But it’s not just extreme conservatives who diminish women this way. Discomfit around women and sex permeates our culture, and the act itself has become a darkly comic battleground. Otherwise fair-minded women perpetuate the idea of Woman as Gatekeeper, warding off the advances of men and only buckling out of necessity – or worse, pity. This has less to do with women’s natural disdain for sex and more to do with a cultural expectation of how women should participate sexually.
Rather than a fulfilling pursuit in and of itself, Ladies should view sex as a gift to be bestowed upon a worthy suitor. It’s something that should vaguely interest them because it feels good (particularly under the masterful hand that guides them) but its role pales in comparison to the ultimate objective.
On the fraught path to love, sex is something ladies agree to, not something they do, and those of us who engage too excessively with the latter are pityingly accused of demeaning ourselves in order to find affection, or satisfy our own tragic lack of self esteem.
The conversation is lost in the problematic discussions of double standards. Women become Sluts when they engage in the same kind of behaviour as men, who are apparently called ‘studs’ although I haven’t heard that used since about 1983. But a double standard implies two different treatments of the same thing, and the core issue is that men and women at a base level still aren’t viewed as being the same. Worse, women are just as guilty (if not more so, on occasion) of depicting other women as Sluts in order to leverage themselves into the role of Ladies.
And so the accusation of ‘slut’ or ‘whore’ or ‘prostitute’ is less about how much sex women are supposedly having and how we judge it differently to men, and more to do with how much we demonise women’s enjoyment of sex in general. Think about that for a moment. In order to diminish women in our culture, we accuse them of enjoying sex. Worse, we accuse them of wanting it. We talk about them as looking ‘used’, or having ‘done the rounds’, or needing a ‘solid pounding’. It’s no coincidence that the majority of criticisms made towards Yumi Stynes had to do with how much sex she’s supposedly given away for free.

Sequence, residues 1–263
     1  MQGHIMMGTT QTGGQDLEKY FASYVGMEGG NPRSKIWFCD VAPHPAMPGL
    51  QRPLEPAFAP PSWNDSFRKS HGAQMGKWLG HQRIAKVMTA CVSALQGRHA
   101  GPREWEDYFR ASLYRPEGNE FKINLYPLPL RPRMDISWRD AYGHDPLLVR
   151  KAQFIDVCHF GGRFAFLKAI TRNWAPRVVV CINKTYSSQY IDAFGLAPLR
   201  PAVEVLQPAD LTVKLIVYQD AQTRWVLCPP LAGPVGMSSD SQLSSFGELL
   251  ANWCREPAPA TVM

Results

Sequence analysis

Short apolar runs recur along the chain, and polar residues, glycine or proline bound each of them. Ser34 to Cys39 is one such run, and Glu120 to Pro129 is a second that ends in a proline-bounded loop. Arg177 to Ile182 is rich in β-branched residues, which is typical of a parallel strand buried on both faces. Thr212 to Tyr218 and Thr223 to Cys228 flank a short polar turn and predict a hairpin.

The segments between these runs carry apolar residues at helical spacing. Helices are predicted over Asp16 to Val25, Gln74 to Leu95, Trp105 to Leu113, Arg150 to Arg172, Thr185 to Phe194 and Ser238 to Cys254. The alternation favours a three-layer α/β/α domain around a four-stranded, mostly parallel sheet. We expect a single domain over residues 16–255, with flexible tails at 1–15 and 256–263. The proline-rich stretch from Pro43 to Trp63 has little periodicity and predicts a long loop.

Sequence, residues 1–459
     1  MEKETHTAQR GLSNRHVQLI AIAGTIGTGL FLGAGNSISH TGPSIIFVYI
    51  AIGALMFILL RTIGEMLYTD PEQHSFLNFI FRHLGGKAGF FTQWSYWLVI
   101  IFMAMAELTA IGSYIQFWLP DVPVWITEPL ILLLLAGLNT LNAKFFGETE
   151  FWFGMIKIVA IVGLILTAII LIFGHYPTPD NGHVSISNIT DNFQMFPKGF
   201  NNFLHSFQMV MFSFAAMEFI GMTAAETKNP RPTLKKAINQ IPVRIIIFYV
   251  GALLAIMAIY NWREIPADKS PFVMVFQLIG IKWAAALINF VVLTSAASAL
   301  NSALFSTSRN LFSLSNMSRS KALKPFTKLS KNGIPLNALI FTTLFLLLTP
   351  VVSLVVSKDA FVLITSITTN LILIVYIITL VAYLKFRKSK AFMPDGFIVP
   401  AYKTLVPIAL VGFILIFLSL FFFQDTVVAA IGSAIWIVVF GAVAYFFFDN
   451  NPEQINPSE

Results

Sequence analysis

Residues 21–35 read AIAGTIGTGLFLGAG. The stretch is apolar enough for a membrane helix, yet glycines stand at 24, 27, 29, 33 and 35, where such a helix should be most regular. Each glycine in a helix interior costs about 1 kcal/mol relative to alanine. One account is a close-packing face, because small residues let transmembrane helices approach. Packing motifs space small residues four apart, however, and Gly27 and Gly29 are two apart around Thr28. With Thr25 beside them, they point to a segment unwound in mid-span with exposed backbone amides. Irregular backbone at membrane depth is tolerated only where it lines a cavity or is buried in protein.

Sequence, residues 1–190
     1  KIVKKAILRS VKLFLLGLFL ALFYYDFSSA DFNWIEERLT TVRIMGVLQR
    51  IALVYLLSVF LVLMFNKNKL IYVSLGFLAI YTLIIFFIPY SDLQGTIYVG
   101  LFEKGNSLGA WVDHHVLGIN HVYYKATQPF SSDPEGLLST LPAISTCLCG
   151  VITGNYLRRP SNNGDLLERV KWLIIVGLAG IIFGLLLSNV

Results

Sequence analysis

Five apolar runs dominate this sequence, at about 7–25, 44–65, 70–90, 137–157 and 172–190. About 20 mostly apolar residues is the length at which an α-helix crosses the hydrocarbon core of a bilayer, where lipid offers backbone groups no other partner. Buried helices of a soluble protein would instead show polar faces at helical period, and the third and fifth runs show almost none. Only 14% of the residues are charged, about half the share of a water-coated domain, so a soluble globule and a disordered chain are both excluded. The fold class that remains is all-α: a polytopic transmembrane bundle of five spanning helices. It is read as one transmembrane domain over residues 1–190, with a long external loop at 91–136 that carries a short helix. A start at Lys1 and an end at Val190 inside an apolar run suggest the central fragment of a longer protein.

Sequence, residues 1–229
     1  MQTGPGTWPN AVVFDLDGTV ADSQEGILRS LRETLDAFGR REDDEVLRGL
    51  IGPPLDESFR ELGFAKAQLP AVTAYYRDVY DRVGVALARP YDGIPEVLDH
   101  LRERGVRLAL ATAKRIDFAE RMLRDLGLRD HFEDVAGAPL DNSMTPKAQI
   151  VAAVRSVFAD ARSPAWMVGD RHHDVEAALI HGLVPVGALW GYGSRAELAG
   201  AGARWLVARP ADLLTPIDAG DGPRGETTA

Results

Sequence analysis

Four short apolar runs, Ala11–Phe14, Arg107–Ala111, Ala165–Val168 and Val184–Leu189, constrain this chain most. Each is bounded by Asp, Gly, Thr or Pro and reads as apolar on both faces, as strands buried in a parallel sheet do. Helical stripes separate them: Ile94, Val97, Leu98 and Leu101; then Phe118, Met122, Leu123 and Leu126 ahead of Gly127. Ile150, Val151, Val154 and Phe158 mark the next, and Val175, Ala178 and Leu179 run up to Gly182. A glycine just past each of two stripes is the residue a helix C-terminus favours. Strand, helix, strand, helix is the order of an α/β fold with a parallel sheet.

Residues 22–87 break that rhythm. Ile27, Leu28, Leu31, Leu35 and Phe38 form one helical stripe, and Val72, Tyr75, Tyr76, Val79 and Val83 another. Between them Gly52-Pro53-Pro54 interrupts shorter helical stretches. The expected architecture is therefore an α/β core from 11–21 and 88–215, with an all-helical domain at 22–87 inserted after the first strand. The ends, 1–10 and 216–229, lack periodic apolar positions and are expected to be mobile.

In the year of 2012, we still find ourselves gazing between a woman’s legs to see if she’s a Slut or a Lady. In a culture that presumes even the occasional use of a vagina lowers the value of its postcode, we collectively assess such use as a willingness to be defiled, and we judge accordingly.
I’ve never been all that interested in reclaiming the word ‘slut’, because I’m not all that fond of behavioural definitions. But women have for too long allowed the virgin/whore dichotomy to dictate their own progression in society. We cannot gain ground by requesting permission to walk there, nor can we gain it by trampling on the bodies of other women.
With all this in mind, perhaps we shouldn’t be struggling not to be thought of as Sluts. Perhaps we should instead be resisting the urge to be defined as Ladies.